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The Beginner's Guide to Enjoying the Holidays

Let's face it, for most adults, the holiday season sucks. It's overwhelming, overstimulating, and financially draining. But it doesn't have to be that way. There is a solution to rekindling the excitement we used to feel on Christmas morning. So here it is, the beginner's guide to enjoying the holidays.

Now I want to take you through a little guided imagery. Sit back, relax, and let your mind wander to your perfect Christmas day (or Yule, Hanukkah, or whatever else may resonate with you). What comes up for you?

For me, I see a cozy candle-lit room. A few family members laughing over a hot meal.

Now I want you to let your mind wander to this holiday season. How does it feel?

For me, this is chaos, pure unbridled chaos. And probably some crying.

I see cold days, the harsh winter sun reflecting off of the dirty snow. I see financial stress after almost 2 months of overspending in the name of gift-giving. I see long hours in the car with cranky kids, going to our 3rd Christmas dinner of the day.

As I said, it sucks.

I want holiday A over holiday B every single time. Holiday B is a day to survive. Holiday A is something to look forward to. It's a day to create memories and strengthen our connection with our loved ones.

So, let's start intentionally moving towards holiday A. Make holiday B a relic of the past.

And here's how we will do that.


Sit down right now and establish your values. Figure out what's important to you and your family. Eliminate the "shoulds" in this conversation. It's not what you think you should care about; it's what you do care about.

Spending more quality time with your kids?

Financial stability?

Success in your career?

Once your values are established, you have the perfect decision-making roadmap.

It's pretty simple, does this choice line up with your values?

If you've spent hundreds, if not thousands, on Christmas gifts, but financial stability is one of your values, does that choice line up with your values?

If you struggle to align your actions with your values, it might be time to reframe your mindset.


Reframe your mindset around the holidays to line up with your values. It is ok to reschedule, set boundaries, and not drain your savings on gifts.

To reframe your mindset, let's use the acronym SAME. (which I find ironic given that we are trying to change)

S: simplify

A: assign

M: minimize

E: emphasize


Tone it down. Stop trying to do all of the things. You are only one person. You can not make it all, bake it all, or buy it all. And that is ok. Your holiday can be fantastic despite all of that. And if you let go of those unrealistic expectations, you may actually enjoy yourself. (and your kids will be happier without the unnecessary tension)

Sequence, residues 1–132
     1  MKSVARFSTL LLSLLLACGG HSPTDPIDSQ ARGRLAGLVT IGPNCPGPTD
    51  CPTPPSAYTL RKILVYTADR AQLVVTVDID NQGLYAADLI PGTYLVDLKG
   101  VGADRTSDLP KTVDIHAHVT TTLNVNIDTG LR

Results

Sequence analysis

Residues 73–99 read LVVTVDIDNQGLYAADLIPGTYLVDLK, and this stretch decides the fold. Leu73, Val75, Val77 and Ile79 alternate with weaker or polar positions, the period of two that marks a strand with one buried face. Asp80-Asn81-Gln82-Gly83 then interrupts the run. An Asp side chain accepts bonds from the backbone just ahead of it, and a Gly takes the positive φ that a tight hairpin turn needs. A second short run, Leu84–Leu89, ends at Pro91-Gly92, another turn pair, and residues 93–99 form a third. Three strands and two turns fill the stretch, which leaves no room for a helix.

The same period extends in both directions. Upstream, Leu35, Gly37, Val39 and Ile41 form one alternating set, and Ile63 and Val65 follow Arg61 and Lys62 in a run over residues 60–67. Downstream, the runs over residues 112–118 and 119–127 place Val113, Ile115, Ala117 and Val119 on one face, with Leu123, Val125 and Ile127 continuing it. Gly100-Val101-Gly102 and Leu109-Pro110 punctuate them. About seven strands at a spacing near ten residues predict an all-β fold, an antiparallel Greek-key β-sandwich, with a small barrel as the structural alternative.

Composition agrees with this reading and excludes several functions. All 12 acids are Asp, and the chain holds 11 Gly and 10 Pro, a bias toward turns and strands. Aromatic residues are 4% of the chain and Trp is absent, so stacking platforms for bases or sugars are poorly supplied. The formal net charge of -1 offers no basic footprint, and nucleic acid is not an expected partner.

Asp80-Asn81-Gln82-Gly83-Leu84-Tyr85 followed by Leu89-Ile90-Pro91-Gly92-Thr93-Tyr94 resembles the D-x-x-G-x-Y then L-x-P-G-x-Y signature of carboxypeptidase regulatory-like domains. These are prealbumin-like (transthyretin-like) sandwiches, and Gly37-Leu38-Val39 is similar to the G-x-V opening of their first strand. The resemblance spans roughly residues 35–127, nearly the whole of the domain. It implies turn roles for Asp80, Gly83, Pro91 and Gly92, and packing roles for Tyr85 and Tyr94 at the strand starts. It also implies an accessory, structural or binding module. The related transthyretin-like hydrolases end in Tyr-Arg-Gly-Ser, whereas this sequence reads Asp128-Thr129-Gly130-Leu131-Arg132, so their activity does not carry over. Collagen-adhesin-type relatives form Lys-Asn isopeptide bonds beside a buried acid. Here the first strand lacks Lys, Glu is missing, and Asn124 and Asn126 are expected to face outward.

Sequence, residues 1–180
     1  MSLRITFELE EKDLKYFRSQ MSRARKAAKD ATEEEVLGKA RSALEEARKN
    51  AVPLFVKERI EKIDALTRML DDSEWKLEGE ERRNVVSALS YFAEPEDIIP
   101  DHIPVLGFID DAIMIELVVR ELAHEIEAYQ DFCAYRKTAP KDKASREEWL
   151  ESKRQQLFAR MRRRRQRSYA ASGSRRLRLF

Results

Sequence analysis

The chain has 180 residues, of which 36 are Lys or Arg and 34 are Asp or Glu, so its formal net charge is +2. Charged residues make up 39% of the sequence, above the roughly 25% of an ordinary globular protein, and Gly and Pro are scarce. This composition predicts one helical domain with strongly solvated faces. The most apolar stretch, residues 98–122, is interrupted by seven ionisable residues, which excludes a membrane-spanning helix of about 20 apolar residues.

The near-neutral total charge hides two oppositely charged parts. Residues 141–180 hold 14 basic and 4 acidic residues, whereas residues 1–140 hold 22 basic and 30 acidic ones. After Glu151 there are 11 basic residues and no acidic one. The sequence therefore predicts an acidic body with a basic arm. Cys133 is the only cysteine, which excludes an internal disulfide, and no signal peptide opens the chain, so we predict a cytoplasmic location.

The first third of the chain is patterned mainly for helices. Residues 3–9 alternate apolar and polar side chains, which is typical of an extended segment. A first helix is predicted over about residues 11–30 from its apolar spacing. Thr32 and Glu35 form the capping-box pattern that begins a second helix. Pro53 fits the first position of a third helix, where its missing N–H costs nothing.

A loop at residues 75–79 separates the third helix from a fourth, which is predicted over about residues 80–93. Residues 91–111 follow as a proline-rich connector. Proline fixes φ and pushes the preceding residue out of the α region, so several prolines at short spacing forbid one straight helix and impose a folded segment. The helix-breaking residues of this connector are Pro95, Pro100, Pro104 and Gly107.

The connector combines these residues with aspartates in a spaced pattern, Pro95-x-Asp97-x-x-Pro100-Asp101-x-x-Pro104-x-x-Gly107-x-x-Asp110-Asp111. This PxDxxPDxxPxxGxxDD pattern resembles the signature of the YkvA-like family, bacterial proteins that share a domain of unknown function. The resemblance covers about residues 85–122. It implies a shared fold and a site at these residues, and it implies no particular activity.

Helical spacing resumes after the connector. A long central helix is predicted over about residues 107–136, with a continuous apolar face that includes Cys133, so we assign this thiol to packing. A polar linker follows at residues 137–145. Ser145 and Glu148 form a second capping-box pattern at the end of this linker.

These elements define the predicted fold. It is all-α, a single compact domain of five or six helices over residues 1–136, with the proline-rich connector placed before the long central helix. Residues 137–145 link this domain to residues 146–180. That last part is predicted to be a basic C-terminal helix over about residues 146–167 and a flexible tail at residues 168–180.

Check out how I simplified my holiday shopping list in my post 5 Tips to Survive the Holidays Without Impulse Shopping with a free digital download of my Want Need Wear Read template.


Learn how to delegate.

I always thought I didn't know how to delegate. I just couldn't figure out how to tell people what I needed. As it turns out, I knew what I needed; I struggled to let go of the "my way or the highway" mentality. It is okay if my 11-year-old doesn't label things perfectly as long as they are labeled. It's okay if my husband doesn't wrap things like a professional elf as long as they are wrapped. And frankly, done differently is better than not done at all. (I'm looking at you, birthday presents in grocery bags rather than wrapped because I didn't have enough time and "couldn't" get myself to delegate).

I know you have a to-do list a mile long. Learn to hand some of those tasks to other people. They may not do it the way you would, and it may come out slightly different. But that is okay. Let it go and focus on what you can't delegate.


This one snuggles up to simplify. Minimize what you do and what you give. Make sure your actions are lining up with your values. This year I made the goal with my family to purchase each of my kids one thing they really want. The rest of the gifts would be handmade, thrifted, or bought from other local makers. This gave me the financial freedom to buy them something they really wanted while teaching my kids the value of thrifting, making, and staying local as much as possible. This aligns with my values far more than going bankrupt in the toy aisle of Walmart.


When you pictured your perfect Christmas day, what did that look like again?

Emphasize that, all of that. Was it spending time with family? Was it a good meal in candlelight?

Do that. If spending time with toxic family members takes away your ideal holiday, don't do it. It is not only ok to say no, it is necessary. Allow yourself to respect your mental health and overall well-being, emphasize the choices that will give back the joy of the holidays, and leave the stress a thing of the past.



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